This was Constable’s last major painting of the Stour Valley, his definitive treatment of a favourite subject, which summed up his personal affection for the place and his lifelong devotion to the example of Claude Lorrain.
A relaxing holiday in Suffolk in the autumn of 1827 with his two eldest children had refreshed his associations with the area and may have motivated him to begin painting this work. On 11 June 1828 he wrote to John Fisher that he had ‘Painted a large upright landscape (perhaps my best)’ (Beckett IV, p. 236).
Constable depicted the Dedham Vale framed by trees, looking eastwards from Gun Hill, down along the course of the River Stour towards the sea, with the tower of Dedham Church and the village in the middle distance, and Harwich beyond. For this composition he returned to his early painting, Dedham Vale 1802 (Victoria and Albert Museum, London), intensifying the detail of the 1802 study by including the bridge across the river with the Talbooth on the right bank. He added the old stump sprouting new growth in the left foreground as a compositional invention to direct attention to the distant landscape, and as a symbol of regeneration.
Constable’s inclusion of the figure of a gypsy mother nursing her child beside a fire has been criticised as a concession to the taste for the Picturesque. Charles Rhyne, however, noted that according to an ordnance survey map a well was located in this area, and that this would have made it a natural camping site for gypsies (C. Rhyne, ‘Constable’s first two six-foot landscapes’, Studies in the History of Art, vol. 24, Washington: National Gallery of Art, 1990, p. 129). Reynolds also noted that gypsies were frequently to be seen in East Anglia and that the inclusion of this detail does not infringe Constable’s rule that only actual or probable figures should appear in his landscape paintings. By including the gypsy mother and child in this painting Constable enlivened the image, with the gypsy’s red cloak providing a contrast to the green of the vegetation. Moreover, Suffolk had been affected by the agricultural depression and social unrest during the 1820s, and the gypsy may reflect the instability of rural life at this time, and Constable’s sympathy with the cause of ordinary people.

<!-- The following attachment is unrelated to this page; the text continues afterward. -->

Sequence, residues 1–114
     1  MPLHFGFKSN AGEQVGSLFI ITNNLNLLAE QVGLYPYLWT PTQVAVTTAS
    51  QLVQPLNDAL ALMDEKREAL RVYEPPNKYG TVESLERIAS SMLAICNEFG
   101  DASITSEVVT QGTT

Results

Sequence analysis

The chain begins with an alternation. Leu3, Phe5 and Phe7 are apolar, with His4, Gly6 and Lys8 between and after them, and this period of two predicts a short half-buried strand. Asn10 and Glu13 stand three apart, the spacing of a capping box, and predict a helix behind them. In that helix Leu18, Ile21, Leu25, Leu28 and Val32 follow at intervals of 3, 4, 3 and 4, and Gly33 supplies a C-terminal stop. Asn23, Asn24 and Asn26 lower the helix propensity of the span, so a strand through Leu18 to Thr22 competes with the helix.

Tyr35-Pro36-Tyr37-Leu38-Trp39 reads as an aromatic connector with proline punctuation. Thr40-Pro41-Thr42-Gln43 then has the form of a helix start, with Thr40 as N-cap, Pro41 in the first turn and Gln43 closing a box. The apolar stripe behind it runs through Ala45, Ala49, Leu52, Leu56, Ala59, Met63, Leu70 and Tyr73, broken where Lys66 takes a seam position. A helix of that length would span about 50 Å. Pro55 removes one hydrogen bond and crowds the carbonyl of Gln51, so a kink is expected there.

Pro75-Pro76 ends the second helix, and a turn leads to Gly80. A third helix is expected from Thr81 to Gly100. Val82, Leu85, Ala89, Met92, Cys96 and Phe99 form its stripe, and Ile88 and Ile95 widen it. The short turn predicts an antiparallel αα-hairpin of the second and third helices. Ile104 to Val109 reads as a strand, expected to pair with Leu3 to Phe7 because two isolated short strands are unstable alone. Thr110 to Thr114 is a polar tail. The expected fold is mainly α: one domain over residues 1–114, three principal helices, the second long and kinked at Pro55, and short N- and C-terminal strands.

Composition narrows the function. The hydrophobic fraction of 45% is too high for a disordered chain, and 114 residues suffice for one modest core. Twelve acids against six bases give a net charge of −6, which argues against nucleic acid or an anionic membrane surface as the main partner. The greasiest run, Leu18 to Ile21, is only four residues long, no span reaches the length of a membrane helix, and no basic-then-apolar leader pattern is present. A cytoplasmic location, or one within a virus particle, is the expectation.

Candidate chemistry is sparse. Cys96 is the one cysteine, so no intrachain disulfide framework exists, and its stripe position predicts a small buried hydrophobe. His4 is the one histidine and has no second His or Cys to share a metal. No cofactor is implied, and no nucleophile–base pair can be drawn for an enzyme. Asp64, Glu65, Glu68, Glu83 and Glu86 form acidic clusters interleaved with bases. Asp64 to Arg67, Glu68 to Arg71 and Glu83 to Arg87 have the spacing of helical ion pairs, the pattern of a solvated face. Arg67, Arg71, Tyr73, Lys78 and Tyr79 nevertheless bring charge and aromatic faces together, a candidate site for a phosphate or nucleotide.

In his use of a vertical format and in his composition Constable hinted at Claude’s Landscape with Hagar and the Angel 1646, a work he had admired since he first made a copy of it at Sir George Beaumont’s London house around 1800 (Beckett II, p. 24). He saw the way this scene fitted a Claudian pattern and used Claude’s method of suggesting depth through overlapping scenery. In thus paying homage to Claude, Constable also indicated that his own work was worthy of comparison with Claude’s. Leslie Parris and Ian Fleming-Williams have suggested that Beaumont’s gift of Landscape with Hagar and the Angel to the newly opened National Gallery, London, in 1826, and Beaumont’s death in 1827, may have inspired Constable to paint this work as a personal tribute to him and to their shared love of Claude Lorrain (Tate 1976, p. 152).
Constable looked at landscape through the art of the past to create his own unique vision. He painted the natural detail of the location in a quite original fashion, using paint brush, palette knife and his fingers to give variety to the application of paint. He used translucent colour to give luminosity to the shadows. He created a sense of the feel of the place – the white-topped clouds suggesting summer sunshine, the flickering leaves indicating wind in the trees, and the light glistening on the ground hinting at rain that has just past. As Timothy Wilcox has observed, ‘the work that had begun in deference to Claude now appears designed to rival him, or even to surpass him’ (Liverpool and Edinburgh 2000, p. 108).
The painting was well received at the Royal Academy when Constable exhibited it there in 1828 (as ‘Landscape’). The reviewer for the The Sun provided a narrative reading, observing that ‘A shower has just passed over’, and suggesting that ‘The gleaming water in the distance is inimitable’ (The Sun, 5 May 1828, cit. Ivy 1991, p. 127). Constable subsequently exhibited the painting at the British Institution in 1834 (as ‘The Stour Valley’) when one critic commented:
We must consider this picture as one of the best which we remember to have seen from Mr. Constable’s pencil. It is a work of great power both of colour and light and shade, and is executed with considerable freedom and dexterity of execution (The Morning Post, 10 March 1834, cit. Ivy 1991, pp.186–87).
More recently Michael Rosenthal has described this work as ‘one of Constable’s greatest paintings’ (Rosenthal 1983, p. 188).